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How Music Can Help Your Kids

Music inspires you, makes you feel, revs you up or mellows you out.  As responsive to music as you are, your kids are probably even more responsive.  How can you harness the power of music to benefit your kids? 

Music that has a slow tempo and deep tones is restful.  To lull your kids at nap time and to calm them when they are bouncing off the walls, simply play slow tempo, deep toned CD’s for your kids.

Music that has a moderate tempo and higher pitches can be cheerful or uplifting.  You can use such music to set a mood (i.e., by playing the music early each morning to start the days off on a cheerful note) or to alter a mood (i.e., by playing the music when the kids are a little crabby to help them feel cheerful again).

Music that has a fast tempo is stimulating and can be used to keep your kids excited or to help them have fun (i.e., it’s good background music for an energetic kids’ party).

Some music (especially certain classical pieces from Mozart) have been scientifically proven to enhance spatial-temporal reasoning.  This “Mozart Effect” is best achieved by having your kids listen to the specific music from birth-or before-and consistently throughout their childhood.  

Some music (especially certain classical pieces from Mozart) have been scientifically proven to reduce the number of seizures that people with epilepsy have.  This is true even when the patients are in comas.

Music can reduce a person’s experience of pain.  Studies have shown that when test subjects listen to their preferred music (whatever music style that may be), they may experience less pain than when they are not listening to music.  This is called “audioanalgesia”.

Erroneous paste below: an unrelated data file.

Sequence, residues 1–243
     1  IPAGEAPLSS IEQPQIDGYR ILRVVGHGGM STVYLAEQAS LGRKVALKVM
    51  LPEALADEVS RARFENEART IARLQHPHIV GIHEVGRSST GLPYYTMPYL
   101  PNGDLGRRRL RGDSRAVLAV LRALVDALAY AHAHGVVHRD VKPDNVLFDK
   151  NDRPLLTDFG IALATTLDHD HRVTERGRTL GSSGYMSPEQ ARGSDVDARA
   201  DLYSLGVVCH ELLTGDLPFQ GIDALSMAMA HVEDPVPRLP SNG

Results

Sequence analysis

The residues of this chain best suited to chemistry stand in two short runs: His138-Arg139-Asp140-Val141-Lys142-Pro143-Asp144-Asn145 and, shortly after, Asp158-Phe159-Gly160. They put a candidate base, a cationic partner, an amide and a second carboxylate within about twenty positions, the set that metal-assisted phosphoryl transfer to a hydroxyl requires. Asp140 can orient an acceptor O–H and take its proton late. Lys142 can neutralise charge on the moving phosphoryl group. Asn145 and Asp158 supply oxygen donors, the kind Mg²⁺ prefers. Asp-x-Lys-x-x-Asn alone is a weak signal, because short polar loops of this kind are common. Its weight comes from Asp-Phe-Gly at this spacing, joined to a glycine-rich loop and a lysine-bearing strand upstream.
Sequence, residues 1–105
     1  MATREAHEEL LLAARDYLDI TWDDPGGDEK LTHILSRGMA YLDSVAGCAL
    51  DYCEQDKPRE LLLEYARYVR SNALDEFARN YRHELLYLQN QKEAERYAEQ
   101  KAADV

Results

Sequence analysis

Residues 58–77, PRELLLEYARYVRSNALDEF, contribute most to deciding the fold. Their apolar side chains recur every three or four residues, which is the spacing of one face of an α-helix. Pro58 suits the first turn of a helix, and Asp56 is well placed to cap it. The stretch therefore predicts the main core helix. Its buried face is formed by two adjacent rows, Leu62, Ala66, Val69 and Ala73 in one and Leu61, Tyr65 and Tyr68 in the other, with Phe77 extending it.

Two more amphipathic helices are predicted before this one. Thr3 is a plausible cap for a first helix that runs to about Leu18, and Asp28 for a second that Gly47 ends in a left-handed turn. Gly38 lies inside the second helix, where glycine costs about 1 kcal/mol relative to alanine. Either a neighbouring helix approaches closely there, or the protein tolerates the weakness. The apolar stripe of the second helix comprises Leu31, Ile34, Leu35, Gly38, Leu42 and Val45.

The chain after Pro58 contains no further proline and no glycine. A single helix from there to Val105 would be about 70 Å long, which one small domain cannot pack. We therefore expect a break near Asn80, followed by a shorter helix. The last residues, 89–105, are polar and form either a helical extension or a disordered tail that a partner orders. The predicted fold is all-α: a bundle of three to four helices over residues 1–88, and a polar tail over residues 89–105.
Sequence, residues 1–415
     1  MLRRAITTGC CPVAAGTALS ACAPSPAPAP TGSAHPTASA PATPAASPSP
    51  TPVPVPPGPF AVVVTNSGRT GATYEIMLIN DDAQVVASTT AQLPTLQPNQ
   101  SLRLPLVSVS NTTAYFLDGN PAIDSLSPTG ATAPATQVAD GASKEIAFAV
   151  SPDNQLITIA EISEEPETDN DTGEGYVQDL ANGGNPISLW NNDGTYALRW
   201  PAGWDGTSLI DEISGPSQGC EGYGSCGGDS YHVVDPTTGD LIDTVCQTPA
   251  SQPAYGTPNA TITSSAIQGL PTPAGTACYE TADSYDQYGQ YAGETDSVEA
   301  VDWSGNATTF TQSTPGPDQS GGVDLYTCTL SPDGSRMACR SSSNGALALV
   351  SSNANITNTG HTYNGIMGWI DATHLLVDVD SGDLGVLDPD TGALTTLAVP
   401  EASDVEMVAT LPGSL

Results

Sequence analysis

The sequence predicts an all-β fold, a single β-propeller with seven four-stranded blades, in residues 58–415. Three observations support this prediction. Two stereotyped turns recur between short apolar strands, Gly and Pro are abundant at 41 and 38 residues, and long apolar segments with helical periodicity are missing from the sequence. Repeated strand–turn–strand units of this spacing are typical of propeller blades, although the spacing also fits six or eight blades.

Listening to music has also been reported to increase/decrease (depending on the style of music) memory retention, ADHD behaviors, violent behaviors, fine motor skills, and much more.

In addition to the passive experience of music (i.e., listening to music played by others), the active experience of music (i.e., singing, playing an instrument, etc.) also holds many benefits for your kids. 

Learning to play a musical instrument (usually beginning in elementary school) trains kids’ ears, minds, and hands.  The ability to perceive rhythm accurately and replicate it correctly is increased.  The ability to cognitively focus on a task can improve.  Fine motor skills are enhanced. 

Singing or playing an instrument as part of a group (i.e., a choir, band, or orchestra), can foster a sense of teamwork or synthesis.  This is a crucial life skill for both kids and adults.

There are many more ways that music can help your kids.  While we have highlighted some of the most important benefits above, a host of other benefits await you and your kids once you begin employing music to shape your kids’ experience of their lives.  Now that you know the power of music, you can use music to help your kids in so very many ways.

For more useful tips continue to visit Nannies4hire.com.

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